The Baltimore City Police Department is its own worst enemy. Those at the top speak about protecting and serving while — through winks-and-nods or sheer incompetence — they condone those in the rank and file who are all about self-serving and terrorizing.
And in Washington, an increasingly desperate President Donald Trump is doing all that he can to undermine the rule of law. The FBI is currently in the presidential crosshairs, as he tries to tweet the American public into believing the agency is thoroughly corrupt and, more particularly, out to get him.
What are we to make of all this, especially those of us inclined through experience to be wary of law enforcement institutions?
The revelations emerging from a federal trial of two Baltimore cops might cause the young person considering his or her future to eschew the common street gang world with its almost-guaranteed short productive life span and instead become a gangster with a badge — complete with generous overtime, a pension, union support and even public accolades. Speaking of the so-called rogue cops, the prosecutor in the case told jurors: “They were, simply put, both cops and robbers at the same time.”
A few thousand criminal cases are now in jeopardy because the gang that was the Gun Trace Task Force, by the admissions of those who have already pleaded guilty, has staged crimes, planted evidence, stolen money and drugs from suspects, and put purloined drugs back into circulation on the streets of Baltimore and Philadelphia. The system was rigged to reward them as higher ups took credit for making the streets safer.
This is not about feeling sorry for the ripped off drug dealers, some of whom are testifying against the two detectives on trial. It is about being sorrowfully angry that the guardians of the criminal justice system have tolerated a whatever-it-takes approach to crime fighting. “It was just part of the culture,” a former member of the squad testified as he detailed how he and other detectives went about their work. If what he described as routine was not upsetting enough, he also brought into the tableau of corrupt cops Sean Suiter, the detective killed in mysterious circumstances in November the day before he was scheduled to testify before a federal grand jury. According to him, Suiter was among those on the take a decade ago. And so the question is being asked even more loudly: Was Detective Suiter killed to keep him from spilling the beans?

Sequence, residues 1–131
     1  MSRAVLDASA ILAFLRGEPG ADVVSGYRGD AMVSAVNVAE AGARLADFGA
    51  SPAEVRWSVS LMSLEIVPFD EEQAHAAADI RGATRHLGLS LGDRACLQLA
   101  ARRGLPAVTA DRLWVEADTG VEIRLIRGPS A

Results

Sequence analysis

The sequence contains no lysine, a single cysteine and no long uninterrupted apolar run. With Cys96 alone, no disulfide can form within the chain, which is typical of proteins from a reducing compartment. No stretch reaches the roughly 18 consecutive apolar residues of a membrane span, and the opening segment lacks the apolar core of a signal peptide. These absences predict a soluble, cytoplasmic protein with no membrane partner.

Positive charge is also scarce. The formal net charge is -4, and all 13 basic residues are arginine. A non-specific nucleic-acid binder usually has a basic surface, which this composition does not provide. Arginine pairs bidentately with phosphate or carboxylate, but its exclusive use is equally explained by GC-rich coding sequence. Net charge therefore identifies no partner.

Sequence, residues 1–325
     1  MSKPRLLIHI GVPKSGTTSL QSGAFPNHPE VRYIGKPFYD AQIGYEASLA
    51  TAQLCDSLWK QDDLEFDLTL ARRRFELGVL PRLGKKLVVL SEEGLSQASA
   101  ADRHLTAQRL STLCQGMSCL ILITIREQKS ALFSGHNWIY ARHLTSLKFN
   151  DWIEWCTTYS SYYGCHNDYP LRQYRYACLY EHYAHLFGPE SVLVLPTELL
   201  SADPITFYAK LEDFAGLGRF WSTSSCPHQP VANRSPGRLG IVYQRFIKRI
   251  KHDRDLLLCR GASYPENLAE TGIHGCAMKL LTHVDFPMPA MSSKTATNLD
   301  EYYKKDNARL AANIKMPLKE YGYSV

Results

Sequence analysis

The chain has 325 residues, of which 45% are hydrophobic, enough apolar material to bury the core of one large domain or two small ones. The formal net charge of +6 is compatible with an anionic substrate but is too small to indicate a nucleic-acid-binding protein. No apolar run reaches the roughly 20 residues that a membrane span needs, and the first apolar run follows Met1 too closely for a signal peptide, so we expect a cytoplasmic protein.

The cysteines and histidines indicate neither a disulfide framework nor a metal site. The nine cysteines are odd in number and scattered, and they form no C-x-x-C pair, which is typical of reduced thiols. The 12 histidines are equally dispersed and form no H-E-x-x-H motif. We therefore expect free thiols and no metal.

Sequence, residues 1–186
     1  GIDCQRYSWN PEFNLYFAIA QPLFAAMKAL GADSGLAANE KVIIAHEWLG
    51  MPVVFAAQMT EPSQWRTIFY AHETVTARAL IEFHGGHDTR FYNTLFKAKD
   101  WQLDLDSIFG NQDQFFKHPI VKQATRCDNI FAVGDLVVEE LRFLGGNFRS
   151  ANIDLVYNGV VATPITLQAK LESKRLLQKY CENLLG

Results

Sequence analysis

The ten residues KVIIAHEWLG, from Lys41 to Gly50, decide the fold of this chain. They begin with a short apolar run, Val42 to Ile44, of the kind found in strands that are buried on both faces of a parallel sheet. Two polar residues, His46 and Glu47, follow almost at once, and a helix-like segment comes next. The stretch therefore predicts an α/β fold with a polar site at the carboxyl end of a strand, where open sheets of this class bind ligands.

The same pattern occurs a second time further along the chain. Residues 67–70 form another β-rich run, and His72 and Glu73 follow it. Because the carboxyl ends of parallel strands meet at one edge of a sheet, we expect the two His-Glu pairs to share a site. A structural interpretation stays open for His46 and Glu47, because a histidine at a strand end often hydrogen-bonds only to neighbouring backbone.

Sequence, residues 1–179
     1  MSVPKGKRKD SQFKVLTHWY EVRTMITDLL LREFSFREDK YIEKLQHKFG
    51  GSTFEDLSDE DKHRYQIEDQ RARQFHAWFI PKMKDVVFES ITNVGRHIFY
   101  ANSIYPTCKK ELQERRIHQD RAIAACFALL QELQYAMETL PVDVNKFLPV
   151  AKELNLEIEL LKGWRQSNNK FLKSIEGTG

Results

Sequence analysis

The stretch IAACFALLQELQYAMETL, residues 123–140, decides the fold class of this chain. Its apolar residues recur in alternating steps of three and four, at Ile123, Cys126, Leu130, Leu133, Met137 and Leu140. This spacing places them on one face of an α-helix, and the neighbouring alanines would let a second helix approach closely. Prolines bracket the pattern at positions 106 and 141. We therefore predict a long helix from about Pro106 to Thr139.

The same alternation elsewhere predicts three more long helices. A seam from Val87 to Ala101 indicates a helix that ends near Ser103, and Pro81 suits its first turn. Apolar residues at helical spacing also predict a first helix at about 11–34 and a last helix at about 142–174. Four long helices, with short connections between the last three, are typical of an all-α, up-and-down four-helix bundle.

When you have had little confidence in Baltimore police, based on the kinds of decades-long abuses confirmed by the U. S. Justice Department 18 months ago — much of it aimed at blacks in the city — this can erase all the goodwill created by cops playing sports with city youth or serving in mentoring programs or choosing to live in the city to serve as neighborhood role models.
In Washington, President Trump flip-flops on the integrity of the FBI to reflect how he feels about whether the agency is helping him or hindering him. He’s so muddied the waters that a recent poll showed that 38 percent of Republicans and 68 percent of Democrats held a favorable view of the FBI. The GOP has long defined itself as the party of law and order, while condemning Democrats as soft on crime.
Take it from this black woman who knows the history of the agency created by J. Edgar Hoover and its devious actions against black people through his long reign: The president is messing with all who are naturally wary. Hoover’s G-Men targeted the black press. Martin Luther King Jr. was “the most notorious liar in the country.” The Black Panther Party was “the greatest threat to the internal security of the country.” Hoover destroyed people in his anti-communist and anti-civil rights zeal. He equated being anti-war — whether World War II or Vietnam — with being an enemy of the state.
That’s a lot of baggage for the modern, post-Hoover FBI to overcome, and whatever had been achieved by the time President Barack Obama left office has been set back by the current president. Mr. Trump is pulling out all the stops to undermine the investigation being led by a special prosecutor who has bipartisan support for the creditable job he is doing. That means firing an FBI director, forcing another to resign, and possibly laying the groundwork for firing the man who oversees the special prosecutor.
But we cannot be fooled by his okey doke. Nor should our elected representatives, even the ones with backbones as flexible as a snake’s.
E.R. Shipp, a Pulitzer Prize winner for commentary, is the journalist in residence at Morgan State University's School of Global Journalism and Communication. Her column runs every other Wednesday. Email: firstname.lastname@example.org.